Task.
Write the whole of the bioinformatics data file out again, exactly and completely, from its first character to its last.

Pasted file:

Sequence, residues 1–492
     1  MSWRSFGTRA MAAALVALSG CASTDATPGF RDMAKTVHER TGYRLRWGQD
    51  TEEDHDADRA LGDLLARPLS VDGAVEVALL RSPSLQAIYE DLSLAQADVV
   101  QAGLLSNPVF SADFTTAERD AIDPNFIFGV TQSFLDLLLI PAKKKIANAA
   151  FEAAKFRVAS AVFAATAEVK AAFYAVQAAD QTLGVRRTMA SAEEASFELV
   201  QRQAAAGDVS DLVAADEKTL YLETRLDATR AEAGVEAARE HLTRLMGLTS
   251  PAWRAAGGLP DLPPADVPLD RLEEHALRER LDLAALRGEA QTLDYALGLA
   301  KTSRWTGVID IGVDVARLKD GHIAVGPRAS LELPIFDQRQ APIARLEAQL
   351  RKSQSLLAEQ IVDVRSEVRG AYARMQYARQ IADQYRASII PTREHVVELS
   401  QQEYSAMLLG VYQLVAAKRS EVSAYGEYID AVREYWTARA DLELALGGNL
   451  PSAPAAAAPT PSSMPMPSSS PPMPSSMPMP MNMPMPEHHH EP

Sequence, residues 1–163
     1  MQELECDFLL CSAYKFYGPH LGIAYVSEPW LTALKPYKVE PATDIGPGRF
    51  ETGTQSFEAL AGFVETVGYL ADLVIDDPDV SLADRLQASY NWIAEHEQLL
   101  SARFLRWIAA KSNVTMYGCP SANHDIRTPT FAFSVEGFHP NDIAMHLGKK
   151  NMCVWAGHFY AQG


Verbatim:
Sequence, residues 1–492
     1  MSWRSFGTRA MAAALVALSG CASTDATPGF RDMAKTVHER TGYRLRWGQD
    51  TEEDHDADRA LGDLLARPLS VDGAVEVALL RSPSLQAIYE DLSLAQADVV
   101  QAGLLSNPVF SADFTTAERD AIDPNFIFGV TQSFLDLLLI PAKKKIANAA
   151  FEAAKFRVAS AVFAATAEVK AAFYAVQAAD QTLGVRRTMA SAEEASFELV
   201  QRQAAAGDVS DLVAADEKTL YLETRLDATR AEAGVEAARE HLTRLMGLTS
   251  PAWRAAGGLP DLPPADVPLD RLEEHALRER LDLAALRGEA QTLDYALGLA
   301  KTSRWTGVID IGVDVARLKD GHIAVGPRAS LELPIFDQRQ APIARLEAQL
   351  RKSQSLLAEQ IVDVRSEVRG AYARMQYARQ IADQYRASII PTREHVVELS
   401  QQEYSAMLLG VYQLVAAKRS EVSAYGEYID AVREYWTARA DLELALGGNL
   451  PSAPAAAAPT PSSMPMPSSS PPMPSSMPMP MNMPMPEHHH EP

Sequence, residues 1–163
     1  MQELECDFLL CSAYKFYGPH LGIAYVSEPW LTALKPYKVE PATDIGPGRF
    51  ETGTQSFEAL AGFVETVGYL ADLVIDDPDV SLADRLQASY NWIAEHEQLL
   101  SARFLRWIAA KSNVTMYGCP SANHDIRTPT FAFSVEGFHP NDIAMHLGKK
   151  NMCVWAGHFY AQG